Yesterday, while visiting Hawaii’s Midway Atoll, President #Obama officially made the size of a marine monument twice the size of Texas while highlighting his #Climate Change commitment. The monument’s new size has angered local fishermen and Native Hawaiians. The sanctuary, created by President George W. Bush in 2006, puts more land and waters off limits to local fishermen and recreation, and Obama’s critics are calling his actions heavy-handed. The monument is now the largest protected marine #Environment in the world or roughly 3.5 times the size of California.
A native of Hawaii, Obama used his executive power to expand the Papahānaumokuākea Marine National Monument, making large swaths of fertile fishing grounds off-limits to fishermen. That means they now have to travel at least four times further out to sea to catch fish like tuna, a costly adventure that actually emits more greenhouse gas emissions because of the increased travel time. Hawaiians not only consume three times more fish than landlocked Americans but fishing is a major source of local commerce.
Onerous restrictions equal fewer jobs
While environmentalists say the new size was essential to Native Hawaiians by making it off-limits to fishing and recreational activities, residents say they can’t afford the increased costs associated with the new restrictions. Especially smaller fishermen who barely eke out a living. The new size, they say, would infringe on traditions that Hawaiians have relied on for centuries and would be counterproductive to Hawaii’s sustainable fishing practices:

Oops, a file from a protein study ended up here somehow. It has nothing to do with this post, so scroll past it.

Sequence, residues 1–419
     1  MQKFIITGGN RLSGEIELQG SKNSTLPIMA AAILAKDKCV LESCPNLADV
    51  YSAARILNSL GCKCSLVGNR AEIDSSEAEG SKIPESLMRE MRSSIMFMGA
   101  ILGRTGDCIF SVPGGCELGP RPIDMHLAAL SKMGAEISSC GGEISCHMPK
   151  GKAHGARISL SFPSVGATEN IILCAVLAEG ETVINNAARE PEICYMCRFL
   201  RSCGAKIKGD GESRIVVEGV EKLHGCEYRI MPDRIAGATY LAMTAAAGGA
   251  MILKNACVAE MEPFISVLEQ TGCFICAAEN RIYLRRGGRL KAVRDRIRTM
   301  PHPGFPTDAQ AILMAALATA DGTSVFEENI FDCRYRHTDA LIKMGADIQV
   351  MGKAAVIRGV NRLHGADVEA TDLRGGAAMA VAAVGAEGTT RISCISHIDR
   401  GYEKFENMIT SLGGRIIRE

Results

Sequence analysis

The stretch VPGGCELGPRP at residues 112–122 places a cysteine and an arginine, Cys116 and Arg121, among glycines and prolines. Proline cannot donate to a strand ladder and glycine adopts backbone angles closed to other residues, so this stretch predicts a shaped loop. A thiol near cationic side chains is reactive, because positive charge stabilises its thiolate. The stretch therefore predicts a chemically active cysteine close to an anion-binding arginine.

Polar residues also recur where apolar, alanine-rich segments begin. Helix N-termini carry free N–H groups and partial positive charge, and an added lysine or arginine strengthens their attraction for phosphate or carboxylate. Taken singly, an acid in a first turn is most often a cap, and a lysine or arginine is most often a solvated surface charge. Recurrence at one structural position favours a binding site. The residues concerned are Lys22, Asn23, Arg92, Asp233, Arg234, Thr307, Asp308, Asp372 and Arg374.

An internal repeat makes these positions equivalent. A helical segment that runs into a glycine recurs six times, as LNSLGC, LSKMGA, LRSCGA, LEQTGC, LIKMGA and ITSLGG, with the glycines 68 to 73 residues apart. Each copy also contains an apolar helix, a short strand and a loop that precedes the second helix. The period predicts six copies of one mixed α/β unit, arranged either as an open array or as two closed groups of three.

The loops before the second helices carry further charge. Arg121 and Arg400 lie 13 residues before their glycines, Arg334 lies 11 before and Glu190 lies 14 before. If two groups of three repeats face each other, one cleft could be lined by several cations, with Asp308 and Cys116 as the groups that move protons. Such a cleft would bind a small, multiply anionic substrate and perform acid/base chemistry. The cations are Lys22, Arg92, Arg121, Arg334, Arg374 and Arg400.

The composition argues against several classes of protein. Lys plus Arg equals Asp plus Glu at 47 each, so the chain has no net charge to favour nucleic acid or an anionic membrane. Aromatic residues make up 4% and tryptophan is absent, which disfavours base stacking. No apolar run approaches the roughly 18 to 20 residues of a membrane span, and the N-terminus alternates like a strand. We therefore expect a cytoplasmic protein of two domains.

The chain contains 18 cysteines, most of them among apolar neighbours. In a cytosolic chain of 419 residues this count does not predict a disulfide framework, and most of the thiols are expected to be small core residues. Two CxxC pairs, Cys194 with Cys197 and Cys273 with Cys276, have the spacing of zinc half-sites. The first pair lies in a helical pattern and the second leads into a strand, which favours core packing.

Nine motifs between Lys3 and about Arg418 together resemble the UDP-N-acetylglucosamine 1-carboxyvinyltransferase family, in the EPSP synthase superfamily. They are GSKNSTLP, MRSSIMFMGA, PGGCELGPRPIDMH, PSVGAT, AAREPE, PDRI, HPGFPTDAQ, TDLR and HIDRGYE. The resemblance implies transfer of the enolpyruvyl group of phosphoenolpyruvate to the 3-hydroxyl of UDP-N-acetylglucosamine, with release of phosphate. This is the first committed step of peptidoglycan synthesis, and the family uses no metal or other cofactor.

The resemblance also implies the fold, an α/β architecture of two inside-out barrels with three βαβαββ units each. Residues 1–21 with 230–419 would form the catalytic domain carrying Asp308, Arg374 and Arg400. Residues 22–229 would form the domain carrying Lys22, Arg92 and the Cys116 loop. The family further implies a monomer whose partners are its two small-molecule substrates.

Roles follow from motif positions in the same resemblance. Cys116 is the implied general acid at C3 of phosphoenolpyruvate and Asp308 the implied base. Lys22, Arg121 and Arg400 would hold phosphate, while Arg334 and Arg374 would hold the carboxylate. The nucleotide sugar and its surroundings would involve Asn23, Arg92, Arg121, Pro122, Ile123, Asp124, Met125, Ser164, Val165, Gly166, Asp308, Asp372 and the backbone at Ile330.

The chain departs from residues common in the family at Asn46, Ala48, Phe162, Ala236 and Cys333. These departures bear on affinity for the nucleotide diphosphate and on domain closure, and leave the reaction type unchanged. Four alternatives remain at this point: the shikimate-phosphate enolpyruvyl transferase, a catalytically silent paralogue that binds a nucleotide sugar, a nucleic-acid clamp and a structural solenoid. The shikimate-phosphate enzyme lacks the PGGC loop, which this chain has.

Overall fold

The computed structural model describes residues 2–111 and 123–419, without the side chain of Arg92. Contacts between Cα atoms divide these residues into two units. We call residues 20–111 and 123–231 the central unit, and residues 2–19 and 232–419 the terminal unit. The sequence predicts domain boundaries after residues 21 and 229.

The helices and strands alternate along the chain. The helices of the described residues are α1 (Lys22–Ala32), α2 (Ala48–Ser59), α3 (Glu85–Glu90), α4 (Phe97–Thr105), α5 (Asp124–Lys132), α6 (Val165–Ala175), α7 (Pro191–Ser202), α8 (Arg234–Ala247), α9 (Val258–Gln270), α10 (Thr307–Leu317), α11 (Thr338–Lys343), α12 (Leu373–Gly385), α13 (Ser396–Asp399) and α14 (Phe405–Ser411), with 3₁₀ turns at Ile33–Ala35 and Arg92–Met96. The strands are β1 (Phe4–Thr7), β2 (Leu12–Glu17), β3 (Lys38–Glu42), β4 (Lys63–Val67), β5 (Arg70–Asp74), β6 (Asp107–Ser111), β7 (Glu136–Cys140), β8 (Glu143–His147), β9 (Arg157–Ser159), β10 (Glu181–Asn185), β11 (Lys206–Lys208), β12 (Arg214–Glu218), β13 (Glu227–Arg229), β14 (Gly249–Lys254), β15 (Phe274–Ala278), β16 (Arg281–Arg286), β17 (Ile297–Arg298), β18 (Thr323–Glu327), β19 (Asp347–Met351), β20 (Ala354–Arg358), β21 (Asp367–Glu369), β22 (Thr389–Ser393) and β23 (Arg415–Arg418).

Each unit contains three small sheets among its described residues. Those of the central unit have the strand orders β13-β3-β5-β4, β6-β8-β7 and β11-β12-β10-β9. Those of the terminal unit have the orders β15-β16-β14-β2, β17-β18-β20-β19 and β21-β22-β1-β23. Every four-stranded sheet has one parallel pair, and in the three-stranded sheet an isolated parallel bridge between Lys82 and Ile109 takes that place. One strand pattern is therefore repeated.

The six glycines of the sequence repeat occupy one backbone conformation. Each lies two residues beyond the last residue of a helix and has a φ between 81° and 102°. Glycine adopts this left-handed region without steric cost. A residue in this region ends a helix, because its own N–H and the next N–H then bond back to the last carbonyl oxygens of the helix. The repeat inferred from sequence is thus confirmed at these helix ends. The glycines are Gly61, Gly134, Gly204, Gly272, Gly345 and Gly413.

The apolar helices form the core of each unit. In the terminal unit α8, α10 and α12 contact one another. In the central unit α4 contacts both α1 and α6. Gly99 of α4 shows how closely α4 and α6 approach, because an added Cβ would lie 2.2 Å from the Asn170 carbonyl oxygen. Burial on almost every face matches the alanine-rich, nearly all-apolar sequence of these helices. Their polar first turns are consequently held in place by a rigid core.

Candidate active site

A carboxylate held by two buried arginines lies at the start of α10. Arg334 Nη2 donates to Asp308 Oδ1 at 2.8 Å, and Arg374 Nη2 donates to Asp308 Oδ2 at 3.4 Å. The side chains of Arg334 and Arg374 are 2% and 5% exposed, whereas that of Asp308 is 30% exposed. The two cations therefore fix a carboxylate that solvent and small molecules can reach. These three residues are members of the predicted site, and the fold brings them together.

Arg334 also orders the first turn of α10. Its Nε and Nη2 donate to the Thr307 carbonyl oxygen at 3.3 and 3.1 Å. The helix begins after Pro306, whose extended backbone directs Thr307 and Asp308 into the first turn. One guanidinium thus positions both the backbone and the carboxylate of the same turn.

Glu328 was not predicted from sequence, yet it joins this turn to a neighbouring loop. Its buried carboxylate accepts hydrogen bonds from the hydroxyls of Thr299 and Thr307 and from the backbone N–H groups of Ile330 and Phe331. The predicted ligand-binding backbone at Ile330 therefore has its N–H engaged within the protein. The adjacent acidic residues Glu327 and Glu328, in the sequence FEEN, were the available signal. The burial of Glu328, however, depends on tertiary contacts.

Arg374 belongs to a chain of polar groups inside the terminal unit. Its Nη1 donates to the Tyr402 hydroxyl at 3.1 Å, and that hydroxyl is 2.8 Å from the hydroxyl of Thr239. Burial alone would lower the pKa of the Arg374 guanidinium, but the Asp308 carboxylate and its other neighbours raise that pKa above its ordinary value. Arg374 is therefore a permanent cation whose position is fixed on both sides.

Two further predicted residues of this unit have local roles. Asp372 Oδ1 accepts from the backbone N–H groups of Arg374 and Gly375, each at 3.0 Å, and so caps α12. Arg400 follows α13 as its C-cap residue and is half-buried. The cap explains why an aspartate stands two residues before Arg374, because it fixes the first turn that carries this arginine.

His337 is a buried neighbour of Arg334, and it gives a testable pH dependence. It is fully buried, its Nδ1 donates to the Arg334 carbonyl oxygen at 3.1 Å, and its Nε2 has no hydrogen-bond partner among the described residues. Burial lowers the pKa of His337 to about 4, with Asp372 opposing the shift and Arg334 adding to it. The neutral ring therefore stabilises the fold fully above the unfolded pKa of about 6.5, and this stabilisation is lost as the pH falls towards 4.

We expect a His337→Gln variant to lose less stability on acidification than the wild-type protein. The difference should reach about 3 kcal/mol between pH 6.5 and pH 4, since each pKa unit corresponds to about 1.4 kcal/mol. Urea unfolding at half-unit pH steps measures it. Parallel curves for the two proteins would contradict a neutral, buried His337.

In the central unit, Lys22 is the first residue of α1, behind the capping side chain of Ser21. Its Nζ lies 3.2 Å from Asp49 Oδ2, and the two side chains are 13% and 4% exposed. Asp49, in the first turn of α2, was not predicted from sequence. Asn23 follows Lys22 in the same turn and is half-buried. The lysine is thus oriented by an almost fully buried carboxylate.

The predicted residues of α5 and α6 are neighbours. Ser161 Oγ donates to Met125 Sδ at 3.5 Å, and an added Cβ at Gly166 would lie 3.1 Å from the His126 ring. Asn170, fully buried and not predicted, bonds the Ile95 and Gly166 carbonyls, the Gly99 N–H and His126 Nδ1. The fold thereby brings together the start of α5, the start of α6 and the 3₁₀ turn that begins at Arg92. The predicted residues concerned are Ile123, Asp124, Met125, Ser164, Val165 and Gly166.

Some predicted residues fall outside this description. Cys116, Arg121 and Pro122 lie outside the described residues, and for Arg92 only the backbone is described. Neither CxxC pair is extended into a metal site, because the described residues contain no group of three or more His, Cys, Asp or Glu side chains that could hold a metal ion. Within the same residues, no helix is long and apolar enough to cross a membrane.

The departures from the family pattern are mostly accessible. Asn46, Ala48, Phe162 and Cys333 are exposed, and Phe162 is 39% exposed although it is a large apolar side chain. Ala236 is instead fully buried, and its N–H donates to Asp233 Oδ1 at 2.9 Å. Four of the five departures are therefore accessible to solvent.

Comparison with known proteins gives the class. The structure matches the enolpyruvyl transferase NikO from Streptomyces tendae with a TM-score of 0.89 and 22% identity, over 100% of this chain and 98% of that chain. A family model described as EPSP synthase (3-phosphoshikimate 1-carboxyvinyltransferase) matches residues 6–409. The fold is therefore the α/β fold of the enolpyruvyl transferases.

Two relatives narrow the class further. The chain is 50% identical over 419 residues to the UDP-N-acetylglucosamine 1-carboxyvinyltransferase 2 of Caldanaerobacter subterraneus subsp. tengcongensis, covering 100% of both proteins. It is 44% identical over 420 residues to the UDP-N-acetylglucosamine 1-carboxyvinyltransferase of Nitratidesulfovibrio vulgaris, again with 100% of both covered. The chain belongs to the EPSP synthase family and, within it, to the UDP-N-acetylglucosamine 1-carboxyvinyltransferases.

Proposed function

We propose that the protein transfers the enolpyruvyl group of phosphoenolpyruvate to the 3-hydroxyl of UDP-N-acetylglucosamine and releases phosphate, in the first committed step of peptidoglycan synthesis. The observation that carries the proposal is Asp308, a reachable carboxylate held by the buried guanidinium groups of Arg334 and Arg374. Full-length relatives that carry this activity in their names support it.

— World of Nature (@WorldfNature) August 31, 2016
The White House said that the region would suffer a six percent loss in fishing productivity, while others say it’s closer to ten percent of Hawaii’s annual haul. But whether the figure is six or 60, Obama will be long gone from office as the impacts of his decisions resonate throughout the fishing community. That isn’t sitting well with House Natural Resource Committee Chair Rob Bishop (R) of Utah.